Europæiske selskaber: Supranational ret

Christian Dahlfelt & Simon Bezzelt Moestrup

Student thesis: Master thesis


Since the foundation of the European Union, colloquially the EU, several different initiatives have been made with the purpose of expanding cooperation between the member states. As the institution of the EU has gained ground regarding influence and expansion, the internationalisation of the individual member states has followed suit. In 2004 and 2006, it became possible to form European companies, the SE-company and the SCE-company. The first is equal to what we, in Danish legislation, know as a public limited company, while the second is equal to what we know as a cooperative society in Danish legislation. We have described the different company-law circumstances, the company-law formation process as well as the tax matters surrounding the European corporate forms. In addition to the above, we have, over the course of this thesis, investigated whether these European corporate forms are necessary in their existing form. In this connection, we have examined the objectives of the European Commission as regards the introduction of these corporate forms and whether these objectives have been met. In our opinion, the most significant objectives were partly to overcome company-law challenges regarding combinations and mergers of companies in different member states, and partly to make the European companies more appealing for tax purposes. The two objectives have not fully been met; however, the introduction of the two European companies has enabled the combination and merger of companies across member states. Though in the meantime, this was also made possible by the implementation of the Tenth Company Law Directive, which also applies to national companies. Furthermore, the introduction of the European companies has not included the preparation of matching tax rules, and therefore the companies comply with the national tax rules of their registered office. Pursuant to company law, the European companies are governed by the regulations applying to European companies. This means that, due to the extensive use of the renvoi technique in the regulations, the applicable company law is the national company law of the member state in which the company has registered office consistent with the articles of association. In other words, no actual standardised company law exists for all member states, which could reduce the companies’ incentive to choose the European corporate forms over the national ones. As mentioned above, one of the decisive factors of the introduction of the European companies has been that the regulations have not comprised tax matters in which cases the regulations refer to national tax rules. This matter in particular has caught our attention, and we found a possible future common European set of tax rules interesting. To this end, we have described the commonly known CCCTB or unabbreviated the Common Consolidated Corporate Tax Base. The idea behind this set of rules is that companies and groups with activities in numerous countries can choose taxation according to one common set of rules and not be tax according to as many as 27. The set of rules has not been adopted as it is particularly difficult for the member states to find common ground concerning tax matters. Further, a possible adoption of the set of rules must be unanimous. Our conclusion as to whether the European corporate forms are necessary in their current form must be that they are not necessary. We base our conclusion on the fact that the incentives for the companies to choose these corporate forms, in our opinion, are not obvious.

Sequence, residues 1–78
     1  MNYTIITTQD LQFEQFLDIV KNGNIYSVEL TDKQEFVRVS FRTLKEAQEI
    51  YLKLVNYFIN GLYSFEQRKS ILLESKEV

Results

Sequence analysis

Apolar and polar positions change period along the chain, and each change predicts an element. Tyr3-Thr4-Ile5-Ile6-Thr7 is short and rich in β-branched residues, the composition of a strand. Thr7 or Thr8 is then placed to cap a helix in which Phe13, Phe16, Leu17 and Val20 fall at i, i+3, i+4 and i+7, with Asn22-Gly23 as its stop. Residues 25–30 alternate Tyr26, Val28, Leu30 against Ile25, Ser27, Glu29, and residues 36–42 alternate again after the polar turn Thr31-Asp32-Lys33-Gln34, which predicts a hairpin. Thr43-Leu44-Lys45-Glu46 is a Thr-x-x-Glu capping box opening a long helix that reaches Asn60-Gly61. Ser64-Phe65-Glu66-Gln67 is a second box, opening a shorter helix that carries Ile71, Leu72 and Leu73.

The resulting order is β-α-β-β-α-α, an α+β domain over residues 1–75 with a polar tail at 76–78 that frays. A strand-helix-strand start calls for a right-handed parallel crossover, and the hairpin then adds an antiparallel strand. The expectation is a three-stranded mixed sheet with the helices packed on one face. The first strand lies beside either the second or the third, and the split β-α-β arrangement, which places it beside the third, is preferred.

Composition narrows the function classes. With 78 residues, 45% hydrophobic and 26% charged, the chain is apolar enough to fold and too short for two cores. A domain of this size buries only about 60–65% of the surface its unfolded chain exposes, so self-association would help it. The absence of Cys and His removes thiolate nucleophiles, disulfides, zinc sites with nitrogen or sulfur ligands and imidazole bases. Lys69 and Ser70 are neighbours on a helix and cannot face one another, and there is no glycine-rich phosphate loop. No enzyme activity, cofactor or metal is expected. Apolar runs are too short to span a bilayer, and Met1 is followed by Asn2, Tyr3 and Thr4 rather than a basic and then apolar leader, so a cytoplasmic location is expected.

EducationsMSc in Auditing, (Graduate Programme) Final Thesis
Publication date2011
Number of pages142